US: Wal-Mart launches Women in Factories programme
Wal-Mart will look to empower women working for its suppliers
US retail giant Wal-Mart today (5 March) revealed details of a new five-year initiative aimed at empowering 60,000 women working at its supplier factories in India, Bangladesh, China and Central America - which should also lead to higher quality products and lower prices.
The Women in Factories programme will teach critical life skills related to communication, hygiene, reproductive health, occupational health and safety, the retailer says. Up to 8,000 women will also receive leadership training to develop the work and life skills necessary for personal and career development.
The programme will be rolled out to 150 factories in India, Bangladesh, China and Central America over the next five years, initially launching in Bangladesh and India in 2012. It is designed and implemented in collaboration with CARE in Bangladesh and SWASTI in India, and will be evaluated by Northwestern University in partnership with DAI and Mission Measurement.
Meredith Menhennett, senior manager of ethical sourcing at Wal-Mart, and in charge of the training programme, told just-style the retailer will fund the programme for two years, after which it should become self-sustaining.
"During the two years of funding that the foundation give, the first round of training will be conducted by our NGO partners, and at the same time they will be teaching and mentoring the HR team to continue the programme," says Menhennett.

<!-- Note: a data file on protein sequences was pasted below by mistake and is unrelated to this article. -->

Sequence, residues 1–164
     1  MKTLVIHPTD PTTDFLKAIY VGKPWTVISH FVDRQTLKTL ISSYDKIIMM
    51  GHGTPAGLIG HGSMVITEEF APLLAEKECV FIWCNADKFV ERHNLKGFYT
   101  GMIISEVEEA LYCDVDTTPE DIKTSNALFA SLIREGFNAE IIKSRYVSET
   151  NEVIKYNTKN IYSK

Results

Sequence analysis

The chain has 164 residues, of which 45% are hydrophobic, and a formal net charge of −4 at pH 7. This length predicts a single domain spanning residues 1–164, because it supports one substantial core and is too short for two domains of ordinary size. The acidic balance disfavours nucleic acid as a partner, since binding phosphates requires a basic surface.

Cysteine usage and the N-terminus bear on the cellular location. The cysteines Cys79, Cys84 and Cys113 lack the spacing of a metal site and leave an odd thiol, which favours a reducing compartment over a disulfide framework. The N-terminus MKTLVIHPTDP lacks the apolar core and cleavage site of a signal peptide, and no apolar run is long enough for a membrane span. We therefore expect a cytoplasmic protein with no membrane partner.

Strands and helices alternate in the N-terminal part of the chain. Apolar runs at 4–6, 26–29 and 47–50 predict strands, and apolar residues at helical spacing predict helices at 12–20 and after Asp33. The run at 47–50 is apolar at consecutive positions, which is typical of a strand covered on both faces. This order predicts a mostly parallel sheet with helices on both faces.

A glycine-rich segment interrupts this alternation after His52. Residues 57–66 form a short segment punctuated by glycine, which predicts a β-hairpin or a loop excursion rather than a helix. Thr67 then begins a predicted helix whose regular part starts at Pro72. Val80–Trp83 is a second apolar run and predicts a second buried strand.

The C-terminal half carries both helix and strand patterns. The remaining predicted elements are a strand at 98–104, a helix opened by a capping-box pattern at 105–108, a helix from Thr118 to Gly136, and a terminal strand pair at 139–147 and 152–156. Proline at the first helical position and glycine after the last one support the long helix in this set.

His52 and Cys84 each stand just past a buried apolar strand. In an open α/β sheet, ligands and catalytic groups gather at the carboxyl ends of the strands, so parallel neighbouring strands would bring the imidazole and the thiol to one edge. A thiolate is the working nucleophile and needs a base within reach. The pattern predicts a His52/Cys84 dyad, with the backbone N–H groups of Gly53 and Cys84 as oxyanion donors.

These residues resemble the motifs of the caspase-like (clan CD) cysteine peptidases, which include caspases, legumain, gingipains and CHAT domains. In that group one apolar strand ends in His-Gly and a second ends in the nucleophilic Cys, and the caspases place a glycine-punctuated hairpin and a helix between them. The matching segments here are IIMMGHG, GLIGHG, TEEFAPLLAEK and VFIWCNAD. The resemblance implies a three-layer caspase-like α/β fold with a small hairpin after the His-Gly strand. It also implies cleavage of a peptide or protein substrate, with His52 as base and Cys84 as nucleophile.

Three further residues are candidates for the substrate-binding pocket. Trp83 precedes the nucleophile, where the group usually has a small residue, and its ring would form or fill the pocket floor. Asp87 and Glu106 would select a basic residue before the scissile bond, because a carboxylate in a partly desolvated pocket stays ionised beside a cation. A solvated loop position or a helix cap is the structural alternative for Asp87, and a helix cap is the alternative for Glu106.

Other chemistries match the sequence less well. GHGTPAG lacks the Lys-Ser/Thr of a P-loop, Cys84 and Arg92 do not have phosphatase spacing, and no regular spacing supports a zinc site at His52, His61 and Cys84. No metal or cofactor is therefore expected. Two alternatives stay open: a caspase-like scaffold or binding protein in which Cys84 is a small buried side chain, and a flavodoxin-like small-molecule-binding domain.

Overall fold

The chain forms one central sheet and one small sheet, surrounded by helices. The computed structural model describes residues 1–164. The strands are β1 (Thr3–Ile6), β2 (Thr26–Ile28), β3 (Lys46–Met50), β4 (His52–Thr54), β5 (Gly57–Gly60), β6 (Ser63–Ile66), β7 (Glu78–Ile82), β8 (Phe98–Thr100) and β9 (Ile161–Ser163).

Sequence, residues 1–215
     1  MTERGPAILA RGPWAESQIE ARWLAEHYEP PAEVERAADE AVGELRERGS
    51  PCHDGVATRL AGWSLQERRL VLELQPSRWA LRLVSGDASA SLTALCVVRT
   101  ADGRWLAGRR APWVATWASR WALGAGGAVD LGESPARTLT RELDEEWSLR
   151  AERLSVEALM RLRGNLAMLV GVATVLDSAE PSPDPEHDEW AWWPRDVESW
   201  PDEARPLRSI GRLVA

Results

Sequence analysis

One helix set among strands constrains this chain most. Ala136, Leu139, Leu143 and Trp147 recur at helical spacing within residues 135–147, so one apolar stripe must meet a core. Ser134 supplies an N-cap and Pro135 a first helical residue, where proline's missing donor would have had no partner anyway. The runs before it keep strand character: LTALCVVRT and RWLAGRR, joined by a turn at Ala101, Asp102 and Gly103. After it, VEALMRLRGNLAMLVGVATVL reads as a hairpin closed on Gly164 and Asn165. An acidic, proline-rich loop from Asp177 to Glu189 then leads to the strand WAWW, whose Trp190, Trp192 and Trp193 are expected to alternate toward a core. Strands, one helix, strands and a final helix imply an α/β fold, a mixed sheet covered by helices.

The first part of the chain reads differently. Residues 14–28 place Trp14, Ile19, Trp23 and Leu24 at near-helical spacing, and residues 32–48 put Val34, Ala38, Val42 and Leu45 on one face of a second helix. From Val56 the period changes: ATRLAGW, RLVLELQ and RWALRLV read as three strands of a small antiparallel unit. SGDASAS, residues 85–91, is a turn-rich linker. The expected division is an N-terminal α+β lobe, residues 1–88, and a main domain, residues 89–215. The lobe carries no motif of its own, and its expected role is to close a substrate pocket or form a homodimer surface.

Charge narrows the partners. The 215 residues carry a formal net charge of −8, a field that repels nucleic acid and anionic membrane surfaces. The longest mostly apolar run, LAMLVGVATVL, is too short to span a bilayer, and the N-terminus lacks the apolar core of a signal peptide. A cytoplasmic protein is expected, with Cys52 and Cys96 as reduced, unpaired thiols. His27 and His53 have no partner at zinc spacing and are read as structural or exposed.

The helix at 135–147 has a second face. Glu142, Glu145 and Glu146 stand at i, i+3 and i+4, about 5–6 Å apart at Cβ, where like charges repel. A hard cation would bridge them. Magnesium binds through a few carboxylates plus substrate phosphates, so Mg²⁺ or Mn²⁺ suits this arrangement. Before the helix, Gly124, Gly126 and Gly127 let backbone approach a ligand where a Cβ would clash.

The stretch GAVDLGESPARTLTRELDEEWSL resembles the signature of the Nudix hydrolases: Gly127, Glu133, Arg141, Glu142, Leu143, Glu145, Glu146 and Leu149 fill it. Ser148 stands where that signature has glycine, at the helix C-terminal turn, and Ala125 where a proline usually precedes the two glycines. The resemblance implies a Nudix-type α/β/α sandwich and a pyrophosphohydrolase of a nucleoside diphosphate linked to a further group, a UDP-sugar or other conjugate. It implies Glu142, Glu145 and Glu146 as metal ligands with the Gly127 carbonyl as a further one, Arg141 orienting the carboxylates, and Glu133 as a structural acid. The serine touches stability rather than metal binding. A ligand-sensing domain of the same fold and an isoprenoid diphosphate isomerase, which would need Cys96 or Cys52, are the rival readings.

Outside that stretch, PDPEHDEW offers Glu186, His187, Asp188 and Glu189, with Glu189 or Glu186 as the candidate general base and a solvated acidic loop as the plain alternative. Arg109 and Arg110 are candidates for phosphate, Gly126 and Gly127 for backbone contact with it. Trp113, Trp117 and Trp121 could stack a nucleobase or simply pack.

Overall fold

"The second round of leadership will be conducted by the factory with the active support and teaching of the NGO partners. And they will continue to have the NGO and Wal-Mart's support."
While the retailer is emphasising the social benefits of the scheme, it also expects there will be positive business impacts as well. Menhennett notes the nutrition element, for example, will help to reduce illness and worker absenteeism, which will have a positive impact on the companies they're working for.
"Empowering women not only improves their lives but it is also good for customers and business across the industry," adds Michelle Gloeckler, senior vice president of Home for Walmart.
"By educating and empowering women in factories and creating a stronger supply chain, suppliers realise greater efficiencies in their factories, which should result in higher quality products, lower prices and more reliable product availability for customers."
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